In 2013 we had a news item in our printed journal about Walt Tutka, a teacher in New Jersey who was fired because he gave a Bible to a student. After four years, this teacher Bible case is settled.
Tutka said to a student, “So the last shall be first, and the first shall be last.” The student asked him where that came from. Tutka showed the student the statement in the Bible, and the student asked Tutka for a Bible of his own. Tutka is a member of Gideon’s International, an organization that distributes Bibles to hotels and hospitals. Naturally, Tutka gave the student a Bible. The school system fired him.
The Equal Employment Opportunity Commission backed Tutka saying that the school system had unfairly discriminated against him based on his religion. The case was going to be filed as a federal lawsuit in May, but the school district decided to settle out of court. Mr. Tutka is now back in the classroom.
When I was teaching in the public schools in South Bend, Indiana, groups brought books explaining their faith to the schools and gave them to kids who requested them. There were never any problems over that, but times have changed. We have even heard of cases where a teacher had a Bible in their book rack on their desk in a public school and was told to get rid of it or be fired. If a teacher had a copy of The Humanist Manifesto, that would be OK, even though it is a statement of faith–atheist faith.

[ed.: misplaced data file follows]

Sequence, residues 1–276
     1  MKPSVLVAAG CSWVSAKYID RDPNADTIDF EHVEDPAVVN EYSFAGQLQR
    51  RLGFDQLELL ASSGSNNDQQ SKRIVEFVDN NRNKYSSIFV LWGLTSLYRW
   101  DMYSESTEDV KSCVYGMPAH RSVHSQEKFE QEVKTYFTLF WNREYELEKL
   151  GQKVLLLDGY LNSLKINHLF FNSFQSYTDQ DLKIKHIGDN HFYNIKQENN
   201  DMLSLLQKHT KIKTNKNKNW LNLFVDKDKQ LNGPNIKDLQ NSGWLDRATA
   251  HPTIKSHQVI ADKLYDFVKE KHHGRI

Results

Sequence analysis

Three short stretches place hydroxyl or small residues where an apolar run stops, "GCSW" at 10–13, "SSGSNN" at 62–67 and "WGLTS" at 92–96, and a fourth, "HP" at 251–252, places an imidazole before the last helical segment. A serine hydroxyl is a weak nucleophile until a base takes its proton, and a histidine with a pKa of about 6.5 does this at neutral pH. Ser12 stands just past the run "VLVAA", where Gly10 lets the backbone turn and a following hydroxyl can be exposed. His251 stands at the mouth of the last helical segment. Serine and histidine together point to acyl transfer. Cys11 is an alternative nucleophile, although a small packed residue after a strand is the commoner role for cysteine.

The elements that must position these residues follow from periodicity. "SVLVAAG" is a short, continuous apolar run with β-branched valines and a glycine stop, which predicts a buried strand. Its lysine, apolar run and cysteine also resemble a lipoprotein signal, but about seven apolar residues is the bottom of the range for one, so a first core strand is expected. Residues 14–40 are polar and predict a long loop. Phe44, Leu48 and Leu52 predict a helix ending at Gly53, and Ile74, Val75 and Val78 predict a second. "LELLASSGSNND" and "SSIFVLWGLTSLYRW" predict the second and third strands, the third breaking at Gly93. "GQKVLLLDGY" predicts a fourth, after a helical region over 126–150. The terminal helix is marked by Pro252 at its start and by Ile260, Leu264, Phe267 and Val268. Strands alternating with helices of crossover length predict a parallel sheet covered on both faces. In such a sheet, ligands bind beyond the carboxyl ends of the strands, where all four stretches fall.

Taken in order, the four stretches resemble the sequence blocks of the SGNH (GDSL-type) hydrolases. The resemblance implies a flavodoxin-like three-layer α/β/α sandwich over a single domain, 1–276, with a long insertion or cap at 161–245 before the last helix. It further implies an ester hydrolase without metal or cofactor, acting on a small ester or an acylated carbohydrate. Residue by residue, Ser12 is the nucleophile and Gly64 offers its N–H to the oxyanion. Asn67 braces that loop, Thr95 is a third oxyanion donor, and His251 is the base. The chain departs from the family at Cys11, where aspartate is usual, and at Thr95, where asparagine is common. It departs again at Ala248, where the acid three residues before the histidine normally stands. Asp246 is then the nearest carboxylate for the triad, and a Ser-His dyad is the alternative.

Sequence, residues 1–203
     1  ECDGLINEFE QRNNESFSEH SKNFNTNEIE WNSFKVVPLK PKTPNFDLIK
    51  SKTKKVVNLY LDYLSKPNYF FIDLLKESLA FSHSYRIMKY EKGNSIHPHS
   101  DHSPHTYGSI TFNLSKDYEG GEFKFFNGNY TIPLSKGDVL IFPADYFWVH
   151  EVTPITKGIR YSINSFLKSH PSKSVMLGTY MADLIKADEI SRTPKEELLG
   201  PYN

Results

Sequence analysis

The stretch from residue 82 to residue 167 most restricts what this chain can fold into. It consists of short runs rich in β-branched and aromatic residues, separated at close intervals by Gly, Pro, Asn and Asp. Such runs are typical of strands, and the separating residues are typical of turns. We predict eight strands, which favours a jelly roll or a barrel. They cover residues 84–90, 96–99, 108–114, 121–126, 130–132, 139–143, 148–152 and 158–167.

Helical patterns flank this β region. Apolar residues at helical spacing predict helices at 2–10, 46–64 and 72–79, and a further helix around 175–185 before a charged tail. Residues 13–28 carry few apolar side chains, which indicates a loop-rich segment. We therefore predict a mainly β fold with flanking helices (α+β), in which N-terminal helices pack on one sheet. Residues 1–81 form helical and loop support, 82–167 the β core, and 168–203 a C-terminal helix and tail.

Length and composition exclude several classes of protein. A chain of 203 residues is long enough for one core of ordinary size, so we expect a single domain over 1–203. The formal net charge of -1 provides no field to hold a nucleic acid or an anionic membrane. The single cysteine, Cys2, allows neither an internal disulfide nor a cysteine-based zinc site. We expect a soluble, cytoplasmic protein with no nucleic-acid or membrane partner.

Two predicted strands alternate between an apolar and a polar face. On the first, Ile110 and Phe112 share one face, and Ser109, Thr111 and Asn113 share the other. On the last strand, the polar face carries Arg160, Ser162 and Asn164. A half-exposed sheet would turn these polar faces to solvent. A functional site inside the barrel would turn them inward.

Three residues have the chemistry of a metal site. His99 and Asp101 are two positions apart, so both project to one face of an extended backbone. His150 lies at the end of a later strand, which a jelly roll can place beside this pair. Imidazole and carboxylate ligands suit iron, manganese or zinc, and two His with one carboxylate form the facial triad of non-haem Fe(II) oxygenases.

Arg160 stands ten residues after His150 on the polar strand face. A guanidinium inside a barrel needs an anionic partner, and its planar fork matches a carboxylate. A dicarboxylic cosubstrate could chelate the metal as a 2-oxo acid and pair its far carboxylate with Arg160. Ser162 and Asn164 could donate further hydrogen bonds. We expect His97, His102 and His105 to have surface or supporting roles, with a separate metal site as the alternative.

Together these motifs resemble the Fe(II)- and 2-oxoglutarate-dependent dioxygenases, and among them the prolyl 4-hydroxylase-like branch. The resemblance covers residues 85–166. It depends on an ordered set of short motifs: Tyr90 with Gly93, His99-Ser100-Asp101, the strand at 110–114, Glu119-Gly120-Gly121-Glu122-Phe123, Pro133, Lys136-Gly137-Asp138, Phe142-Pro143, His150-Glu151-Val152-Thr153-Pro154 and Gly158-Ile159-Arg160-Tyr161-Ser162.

Chinese scientists have conducted at least three experiments to create genetically modified human embryos. Now, MIT Technology Review reports that a team of scientists in the United States has edited the DNA of human embryos. The experiment was performed at Oregon Health and Science University, a public university in Portland, under the leadership of Shoukhrat Mitalipov. It is apparently the first time this has been done in the United States, and it involved a greater number of embryos than the Chinese experiments.